Corporate Accountability and WorkPlace  
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How All of Us Are Paying a Heavy Price for Corporate Greed

The business model of internalizing profits and dumping their labor costs on society is unhealthy for the economy.
 
 
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There’s a new epidemic spreading across America.

It’s an epidemic of corporations turning to a business model that helps them get the maximum amount of indirect support from the federal government - by having We the People - the taxpayers - subsidize their workforces.

Basically – they get rich – while the rest of us pay.

On October 1st – United Airlines – the third largest airline in North America – is reported to be planing to outsource 630 of its gate agent jobs at 12 airports to private companies.

The move by United will affect airports in Salt Lake City – Charlotte – Pensacola - Detroit and Des Moines.

It will mean that hundreds of unionized United employees who were making up to $50,000 per year and who were able to live comfortable, middle-class lives - will be forced to find new jobs - if they even can.

And those unionized workers will be replaced with non-union workers from the private companies - who will make - on average - between $9 and $12.50 per hour and thus be members of the working poor instead of the middle class.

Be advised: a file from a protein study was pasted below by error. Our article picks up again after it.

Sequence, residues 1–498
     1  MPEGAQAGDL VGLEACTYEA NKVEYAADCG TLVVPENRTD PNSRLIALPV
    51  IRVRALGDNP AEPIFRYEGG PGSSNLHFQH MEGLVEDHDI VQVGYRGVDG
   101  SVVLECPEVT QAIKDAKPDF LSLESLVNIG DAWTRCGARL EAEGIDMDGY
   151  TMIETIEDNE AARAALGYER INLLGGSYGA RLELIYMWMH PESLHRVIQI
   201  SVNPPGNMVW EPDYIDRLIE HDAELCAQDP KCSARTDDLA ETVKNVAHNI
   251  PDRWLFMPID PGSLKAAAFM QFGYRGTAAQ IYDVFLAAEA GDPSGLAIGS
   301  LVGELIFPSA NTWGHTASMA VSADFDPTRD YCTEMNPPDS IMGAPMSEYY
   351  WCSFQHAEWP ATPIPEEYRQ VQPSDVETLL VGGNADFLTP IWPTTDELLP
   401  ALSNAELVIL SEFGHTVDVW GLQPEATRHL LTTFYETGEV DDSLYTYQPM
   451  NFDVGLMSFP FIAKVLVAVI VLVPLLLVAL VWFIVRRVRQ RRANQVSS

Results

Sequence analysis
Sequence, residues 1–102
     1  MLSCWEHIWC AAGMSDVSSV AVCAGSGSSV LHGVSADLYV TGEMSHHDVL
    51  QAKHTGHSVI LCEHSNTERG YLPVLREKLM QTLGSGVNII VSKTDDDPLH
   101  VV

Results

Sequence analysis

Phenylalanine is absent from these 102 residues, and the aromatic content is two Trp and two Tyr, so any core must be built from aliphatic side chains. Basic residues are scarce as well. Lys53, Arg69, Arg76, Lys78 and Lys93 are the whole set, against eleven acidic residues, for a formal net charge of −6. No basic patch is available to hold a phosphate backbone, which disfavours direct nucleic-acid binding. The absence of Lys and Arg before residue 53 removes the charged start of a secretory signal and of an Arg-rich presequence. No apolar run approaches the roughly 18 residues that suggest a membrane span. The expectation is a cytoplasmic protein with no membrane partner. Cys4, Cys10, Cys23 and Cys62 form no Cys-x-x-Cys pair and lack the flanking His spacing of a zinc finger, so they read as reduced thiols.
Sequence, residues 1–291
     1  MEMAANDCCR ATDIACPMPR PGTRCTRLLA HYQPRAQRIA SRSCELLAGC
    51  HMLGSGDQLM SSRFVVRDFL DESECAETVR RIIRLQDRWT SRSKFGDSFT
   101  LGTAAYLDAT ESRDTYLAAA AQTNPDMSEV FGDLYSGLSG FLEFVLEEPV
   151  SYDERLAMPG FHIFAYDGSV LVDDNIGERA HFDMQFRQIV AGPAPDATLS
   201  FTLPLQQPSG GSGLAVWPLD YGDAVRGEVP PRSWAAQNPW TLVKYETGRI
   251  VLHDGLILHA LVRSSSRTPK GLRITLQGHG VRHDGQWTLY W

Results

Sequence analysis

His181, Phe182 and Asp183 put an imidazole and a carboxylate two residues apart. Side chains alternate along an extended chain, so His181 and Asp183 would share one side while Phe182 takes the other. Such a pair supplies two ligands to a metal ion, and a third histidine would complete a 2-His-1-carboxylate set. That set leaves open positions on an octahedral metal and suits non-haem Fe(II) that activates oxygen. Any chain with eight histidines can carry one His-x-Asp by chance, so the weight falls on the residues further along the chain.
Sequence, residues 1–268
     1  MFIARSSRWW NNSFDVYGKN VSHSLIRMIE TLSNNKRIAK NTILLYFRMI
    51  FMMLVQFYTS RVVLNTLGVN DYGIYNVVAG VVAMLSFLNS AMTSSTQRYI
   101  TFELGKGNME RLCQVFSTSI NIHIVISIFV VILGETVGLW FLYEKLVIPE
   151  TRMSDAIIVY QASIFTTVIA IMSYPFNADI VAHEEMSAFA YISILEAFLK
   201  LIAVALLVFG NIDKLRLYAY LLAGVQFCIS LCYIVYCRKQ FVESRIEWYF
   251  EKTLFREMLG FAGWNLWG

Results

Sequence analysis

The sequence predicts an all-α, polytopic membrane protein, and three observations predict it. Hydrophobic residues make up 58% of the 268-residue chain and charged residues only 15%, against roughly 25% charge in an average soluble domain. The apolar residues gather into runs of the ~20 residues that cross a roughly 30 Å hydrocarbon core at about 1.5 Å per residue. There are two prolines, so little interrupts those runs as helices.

According to United - the decision to outsource these jobs is a strictly financial one. And boy - will the airline benefit from it.

By outsourcing these jobs to the lowest bidder - United will be, by proxy, hiring workers at a wage point that is so low - that these replacement workers are eligible for assistance from programs like food stamps and Medicaid - programs that you and I - American taxpayers - pay for.

And - while you and I are paying for their workers to survive - United will be raking in the profits.

But here’s the worst part about all of this.

United isn’t alone in its business model of internalizing profits and socializing costs.

The fast-food industry does the exact same thing.

In fact - Researchers at the University of Illinois and University of California-Berkeley found that American taxpayers pay a staggering $243 billion every year in these types indirect subsidies to the fast food industry.

That’s because the fast food industry pays such low wages that We The People are forced to make up the $243 billion difference to pay for the healthcare and other public benefits of their employees.

Americans are also paying millions in indirect corporate subsidies to Wal-Mart - the nation’s largest employer.

America’s largest retailer makes nearly $35,000 in profit every minute - and as of 2012 - the corporation’s annual sales were around $405 billion.

But those huge profits don’t trickle down to Wal-Mart employees - who on average take home just $9 per hour.

Those low wages - combined with very poor benefits - force many Wal-Mart employees to reach out to the government for assistance with healthcare - food and housing costs.

As a result - a report released by congressional Democrats found that Wal-Mart’s low wages and poor benefits cost American taxpayers between $900,000 and $1.75 million per year per store.

The bottom-line here is that the fast-food-big-box-retailer business model of internalizing profits and dumping their labor costs on society is extremely unhealthy for the American economy. And now its spreading to other industries – like the airline industry.

We need to blow up this business model now - and that can be done in a few different ways.

First – we could raise the minimum wage.

By raising the minimum wage – Americans working full-time jobs wouldn’t have to rely on assistance from food stamps of Medicaid – because they would be making enough to survive on their own without government help.

 
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